Dear Average 30-Year-Old,1
Let me motivate you with some frightening, frightening math.
If you were hoping to read this before you jumped into bed, let me warn you: you’ll have a hell of a time sleeping tonight.
And if you’re just catching this first thing in the morning, let me assure you: you’ll have no need for coffee once I’m through with you.
My hope is that by sharing some simple math with you, you’re going to be a much more productive and thoughtful person. My hope is that by conscientiously choosing to keep these facts in your head every day, you are going to spend a multiple of years – sleep not included – doing things you actually want to do.
If you fall into the category of average human being, then you have likely already spent a minimum of five years of your life watching TV. Really. You’ve spent more than 16% of your life watching TV. And we haven’t even added up our time spent online.
Let’s break it down.
There are 365 days in a year. Every day has 24 hours. And thus, there are 8,760 hours in a year.
8,760 hours. You lucky minx. You get those every single year. Aren’t you amazed? And I know what you’re thinking – Well, there’s so many hours, why not spend just one a day doing that thing? THAT thing is okay. Nothing wrong with it, right?
If you’ve just realized you’re mortal, then you’ll realize there is something wrong it it.
If you spend just one hour a day doing X (365 hours), then after 24 years, you’ve spent one entire year doing X. (365 hours x 24 hours = 8,760 hours – Shit.)
The average human doesn’t watch TV for one hour a day, though. The average watches it for more than four and a half hours. But to be generous, I’ll round down to four hours.
A 30-year-old has for 30 consecutive years spent an average of four hours a day watching TV. 4 hours x 365 days = 1,460 hours. 8,760 hours a year ÷ 1,460 hours = 6 years. Every six years, that 30-year-old has wasted one year of their life watching TV.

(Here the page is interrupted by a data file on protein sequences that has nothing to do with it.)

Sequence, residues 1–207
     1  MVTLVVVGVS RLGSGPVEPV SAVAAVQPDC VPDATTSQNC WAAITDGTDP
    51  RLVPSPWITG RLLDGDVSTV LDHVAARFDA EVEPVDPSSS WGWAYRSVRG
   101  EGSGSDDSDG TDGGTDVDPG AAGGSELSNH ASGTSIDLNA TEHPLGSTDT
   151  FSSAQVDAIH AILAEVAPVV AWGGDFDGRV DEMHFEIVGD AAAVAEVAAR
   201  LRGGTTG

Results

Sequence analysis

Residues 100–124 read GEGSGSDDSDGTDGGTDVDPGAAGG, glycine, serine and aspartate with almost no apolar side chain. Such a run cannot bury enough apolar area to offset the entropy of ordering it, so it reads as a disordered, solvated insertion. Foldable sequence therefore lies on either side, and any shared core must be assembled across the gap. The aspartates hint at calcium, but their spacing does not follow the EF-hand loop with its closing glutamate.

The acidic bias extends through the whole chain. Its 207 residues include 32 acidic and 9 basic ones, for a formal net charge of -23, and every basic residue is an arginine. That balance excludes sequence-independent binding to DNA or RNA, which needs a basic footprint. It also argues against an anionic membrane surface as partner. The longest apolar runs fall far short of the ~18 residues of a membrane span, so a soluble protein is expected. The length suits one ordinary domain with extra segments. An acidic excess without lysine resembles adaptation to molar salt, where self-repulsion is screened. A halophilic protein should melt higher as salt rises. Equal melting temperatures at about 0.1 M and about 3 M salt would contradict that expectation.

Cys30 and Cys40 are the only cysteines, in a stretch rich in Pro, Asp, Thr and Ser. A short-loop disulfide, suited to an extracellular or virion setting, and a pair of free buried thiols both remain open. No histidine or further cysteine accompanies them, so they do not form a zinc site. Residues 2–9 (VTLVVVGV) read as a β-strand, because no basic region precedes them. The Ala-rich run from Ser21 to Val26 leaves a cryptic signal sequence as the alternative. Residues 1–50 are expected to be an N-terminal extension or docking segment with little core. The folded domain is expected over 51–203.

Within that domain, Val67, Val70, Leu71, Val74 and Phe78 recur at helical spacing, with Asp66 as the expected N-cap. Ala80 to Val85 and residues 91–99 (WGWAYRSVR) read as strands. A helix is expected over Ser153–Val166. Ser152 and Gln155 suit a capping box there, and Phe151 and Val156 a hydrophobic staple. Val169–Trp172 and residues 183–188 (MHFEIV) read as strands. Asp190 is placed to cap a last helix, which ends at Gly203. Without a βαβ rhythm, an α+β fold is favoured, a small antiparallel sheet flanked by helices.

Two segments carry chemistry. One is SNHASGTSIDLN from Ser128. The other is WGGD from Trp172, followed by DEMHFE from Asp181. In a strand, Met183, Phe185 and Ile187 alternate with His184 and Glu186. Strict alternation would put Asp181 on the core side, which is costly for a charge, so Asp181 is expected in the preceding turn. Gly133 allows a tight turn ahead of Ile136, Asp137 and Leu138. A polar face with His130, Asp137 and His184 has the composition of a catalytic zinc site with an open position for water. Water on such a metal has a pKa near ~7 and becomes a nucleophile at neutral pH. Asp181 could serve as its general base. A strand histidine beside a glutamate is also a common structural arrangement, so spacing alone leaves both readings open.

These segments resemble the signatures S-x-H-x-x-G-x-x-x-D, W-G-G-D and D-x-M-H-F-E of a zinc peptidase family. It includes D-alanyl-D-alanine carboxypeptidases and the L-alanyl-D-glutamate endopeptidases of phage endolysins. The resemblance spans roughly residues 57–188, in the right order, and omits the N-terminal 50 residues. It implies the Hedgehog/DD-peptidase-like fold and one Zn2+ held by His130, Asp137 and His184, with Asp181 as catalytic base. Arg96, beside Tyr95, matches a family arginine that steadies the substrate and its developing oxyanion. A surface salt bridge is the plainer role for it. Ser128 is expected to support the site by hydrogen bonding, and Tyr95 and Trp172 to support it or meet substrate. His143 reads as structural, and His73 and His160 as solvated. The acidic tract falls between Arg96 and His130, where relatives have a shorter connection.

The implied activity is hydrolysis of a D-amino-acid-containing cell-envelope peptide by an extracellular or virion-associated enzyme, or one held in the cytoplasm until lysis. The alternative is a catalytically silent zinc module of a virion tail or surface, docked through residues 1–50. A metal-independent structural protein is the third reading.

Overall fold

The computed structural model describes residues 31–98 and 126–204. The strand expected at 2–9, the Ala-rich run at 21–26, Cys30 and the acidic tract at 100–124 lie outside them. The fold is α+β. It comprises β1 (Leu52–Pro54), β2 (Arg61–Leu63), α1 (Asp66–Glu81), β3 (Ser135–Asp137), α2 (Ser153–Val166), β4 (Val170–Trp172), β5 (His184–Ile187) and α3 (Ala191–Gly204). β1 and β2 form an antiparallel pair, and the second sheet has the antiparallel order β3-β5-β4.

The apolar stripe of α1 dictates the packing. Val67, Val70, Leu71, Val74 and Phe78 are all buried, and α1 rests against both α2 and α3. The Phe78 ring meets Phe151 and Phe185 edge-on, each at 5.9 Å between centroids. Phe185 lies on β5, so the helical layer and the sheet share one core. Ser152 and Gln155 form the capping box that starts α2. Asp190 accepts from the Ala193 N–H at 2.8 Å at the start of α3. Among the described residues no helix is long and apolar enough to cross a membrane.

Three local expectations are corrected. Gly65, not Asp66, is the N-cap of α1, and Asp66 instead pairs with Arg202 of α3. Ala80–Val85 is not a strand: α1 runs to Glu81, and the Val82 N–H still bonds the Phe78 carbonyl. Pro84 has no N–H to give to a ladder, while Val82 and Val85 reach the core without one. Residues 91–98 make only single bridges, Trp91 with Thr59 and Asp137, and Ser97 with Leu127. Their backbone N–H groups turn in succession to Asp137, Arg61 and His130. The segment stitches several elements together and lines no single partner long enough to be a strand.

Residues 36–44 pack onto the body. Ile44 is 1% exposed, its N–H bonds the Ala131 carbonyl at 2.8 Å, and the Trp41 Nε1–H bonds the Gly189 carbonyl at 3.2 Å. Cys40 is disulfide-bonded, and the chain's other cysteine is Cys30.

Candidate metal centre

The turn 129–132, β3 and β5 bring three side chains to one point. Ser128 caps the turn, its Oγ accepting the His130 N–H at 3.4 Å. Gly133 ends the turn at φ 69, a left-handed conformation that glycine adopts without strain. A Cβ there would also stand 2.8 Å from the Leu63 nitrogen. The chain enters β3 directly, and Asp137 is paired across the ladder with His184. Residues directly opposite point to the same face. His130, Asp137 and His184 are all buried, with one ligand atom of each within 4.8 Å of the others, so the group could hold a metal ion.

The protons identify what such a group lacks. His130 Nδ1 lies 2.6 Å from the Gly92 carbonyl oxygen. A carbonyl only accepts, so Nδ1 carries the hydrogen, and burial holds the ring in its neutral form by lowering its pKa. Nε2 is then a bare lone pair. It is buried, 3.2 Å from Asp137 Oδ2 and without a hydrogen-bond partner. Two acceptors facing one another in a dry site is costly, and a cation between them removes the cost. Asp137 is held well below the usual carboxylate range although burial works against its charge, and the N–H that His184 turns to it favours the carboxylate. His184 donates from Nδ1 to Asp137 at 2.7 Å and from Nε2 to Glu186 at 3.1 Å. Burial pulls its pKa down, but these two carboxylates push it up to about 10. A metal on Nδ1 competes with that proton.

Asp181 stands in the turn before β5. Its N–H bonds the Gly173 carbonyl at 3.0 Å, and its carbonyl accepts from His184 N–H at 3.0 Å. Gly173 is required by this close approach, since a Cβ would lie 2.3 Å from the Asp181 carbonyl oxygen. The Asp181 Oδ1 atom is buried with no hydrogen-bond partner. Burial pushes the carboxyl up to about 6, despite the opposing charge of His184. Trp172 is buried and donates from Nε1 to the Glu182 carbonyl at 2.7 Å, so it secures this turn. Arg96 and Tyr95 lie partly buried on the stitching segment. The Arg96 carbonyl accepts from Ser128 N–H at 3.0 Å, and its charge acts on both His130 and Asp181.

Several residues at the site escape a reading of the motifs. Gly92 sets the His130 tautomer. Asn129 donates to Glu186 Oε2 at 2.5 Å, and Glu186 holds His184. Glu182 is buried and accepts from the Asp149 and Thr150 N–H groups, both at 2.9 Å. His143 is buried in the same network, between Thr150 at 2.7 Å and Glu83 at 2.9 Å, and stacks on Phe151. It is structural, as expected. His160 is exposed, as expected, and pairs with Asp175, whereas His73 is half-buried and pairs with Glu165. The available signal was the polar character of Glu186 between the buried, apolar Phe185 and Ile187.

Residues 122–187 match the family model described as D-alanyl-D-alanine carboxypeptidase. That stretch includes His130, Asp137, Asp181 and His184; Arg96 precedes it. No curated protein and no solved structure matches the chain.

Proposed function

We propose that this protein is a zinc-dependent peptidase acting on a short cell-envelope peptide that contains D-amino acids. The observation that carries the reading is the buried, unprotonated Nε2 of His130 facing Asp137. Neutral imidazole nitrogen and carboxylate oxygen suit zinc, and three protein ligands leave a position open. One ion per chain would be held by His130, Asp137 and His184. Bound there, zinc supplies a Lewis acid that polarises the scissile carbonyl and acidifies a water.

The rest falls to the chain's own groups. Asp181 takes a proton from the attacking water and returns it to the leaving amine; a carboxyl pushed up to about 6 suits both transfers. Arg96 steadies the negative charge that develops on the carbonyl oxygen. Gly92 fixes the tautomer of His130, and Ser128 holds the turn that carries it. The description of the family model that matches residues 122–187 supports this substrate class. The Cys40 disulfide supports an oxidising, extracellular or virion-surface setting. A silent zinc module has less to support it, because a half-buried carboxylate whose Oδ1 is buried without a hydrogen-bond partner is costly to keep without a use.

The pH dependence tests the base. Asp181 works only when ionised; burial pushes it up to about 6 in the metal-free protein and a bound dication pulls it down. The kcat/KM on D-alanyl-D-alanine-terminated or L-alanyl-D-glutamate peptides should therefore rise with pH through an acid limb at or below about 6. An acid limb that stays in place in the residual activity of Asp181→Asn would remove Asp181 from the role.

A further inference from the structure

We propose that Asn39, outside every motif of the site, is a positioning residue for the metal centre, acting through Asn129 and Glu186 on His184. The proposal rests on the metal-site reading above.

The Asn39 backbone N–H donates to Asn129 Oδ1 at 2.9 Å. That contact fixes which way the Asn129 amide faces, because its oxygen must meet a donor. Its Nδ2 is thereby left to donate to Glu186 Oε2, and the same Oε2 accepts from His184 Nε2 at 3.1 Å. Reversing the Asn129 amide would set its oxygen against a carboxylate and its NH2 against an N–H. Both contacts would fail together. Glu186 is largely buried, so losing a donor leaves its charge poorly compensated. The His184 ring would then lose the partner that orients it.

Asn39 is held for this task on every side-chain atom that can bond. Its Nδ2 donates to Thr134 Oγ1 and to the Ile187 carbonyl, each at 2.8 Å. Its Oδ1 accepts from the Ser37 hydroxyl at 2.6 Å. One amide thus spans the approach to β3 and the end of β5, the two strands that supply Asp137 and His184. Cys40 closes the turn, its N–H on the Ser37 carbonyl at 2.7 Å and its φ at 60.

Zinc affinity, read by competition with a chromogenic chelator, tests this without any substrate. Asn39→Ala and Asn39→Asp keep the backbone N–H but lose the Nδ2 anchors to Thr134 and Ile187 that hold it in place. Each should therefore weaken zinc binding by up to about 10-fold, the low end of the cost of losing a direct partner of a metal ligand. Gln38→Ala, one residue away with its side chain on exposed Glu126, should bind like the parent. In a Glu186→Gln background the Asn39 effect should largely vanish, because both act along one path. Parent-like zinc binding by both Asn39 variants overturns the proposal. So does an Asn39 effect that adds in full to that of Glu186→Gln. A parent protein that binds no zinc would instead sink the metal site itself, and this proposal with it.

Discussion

If you’re 30, then you have probably, indeed, spent five years watching TV. Let’s assume you’re not that new to the internet, and the last five years your usage has ramped up. Let’s say you’ve spent an average of five hours a day on the internet the last five years. Well, that’s a full year. Meaning that you have actually spent a minimum of six years of your life on a combination of television or social media.
20% of your life has been spent looking at a screen; if you sleep well, throw 10 years, or 33% on there. You’ve spent less than 15 years of your life on your toes. Unless you sleep-walk with a portable television. Digress.
How about I share something a little more horrific?
|1 hour wasted a day||365 hours wasted a year||Every 24 years you’ve wasted one year|
|2 hours wasted a day||730 hours wasted a year||Every 12 years you’ve wasted one year|
|3 hours wasted a day||1,095 hours wasted a year||Every 8 years you’ve wasted one year|
|4 hours wasted a day||1,460 hours wasted a year||Every 6 years you’ve wasted one year|
|5 hours wasted a day||1,825 hours wasted a year||Every 4.8 years you’ve wasted one year|
|6 hours wasted a day||2,190 hours wasted a year||Every 4 years you’ve wasted one year|
|7 hours wasted a day||2,555 hours wasted a year||Every 3.42 years you’ve wasted one year|
|8 hours wasted a day||2,920 hours wasted a year||Every 3 years you’ve wasted one year|
|9 hours wasted a day||3,285 hours wasted a year||Every 2.66 years you’ve wasted one year|
|10 hours wasted a day||3,650 hours wasted a year||Every 2.4 years you’ve wasted one year|
|11 hours wasted a day||4,015 hours wasted a year||Every 2.18 years you’ve wasted one year|
|12 hours wasted a day||4,380 hours wasted a year||Every 2 years you’ve wasted one year|
Pretty scary stuff, right?
Basically, if you’re only spending 30 minutes a day doing something you love, then at the end of 48 years, you can only then say, “Yeah, I spent one full year of my life doing something I loved.”
Some of you may be more than okay with that. If you are okay with that – spending 23 1/2 hours a day doing things that don’t align with your vision of your ideal self – then good on you. Really. But not for one minute do I believe you actually exist.
Do things you want to do. Fill in your free minutes with activities and people you enjoy. Read a book and learn something new. And if you can’t justify to yourself that spending a year of your life watching re-runs of a show you don’t actually love is a good use of your time, then welcome to the point of this site. I’m happy to have you here.Years ago, I posted a video on Youtube about learning Japanese. Much of the statistics from this post are articulated there, my rapidly-fading English syntax and vocabulary documented.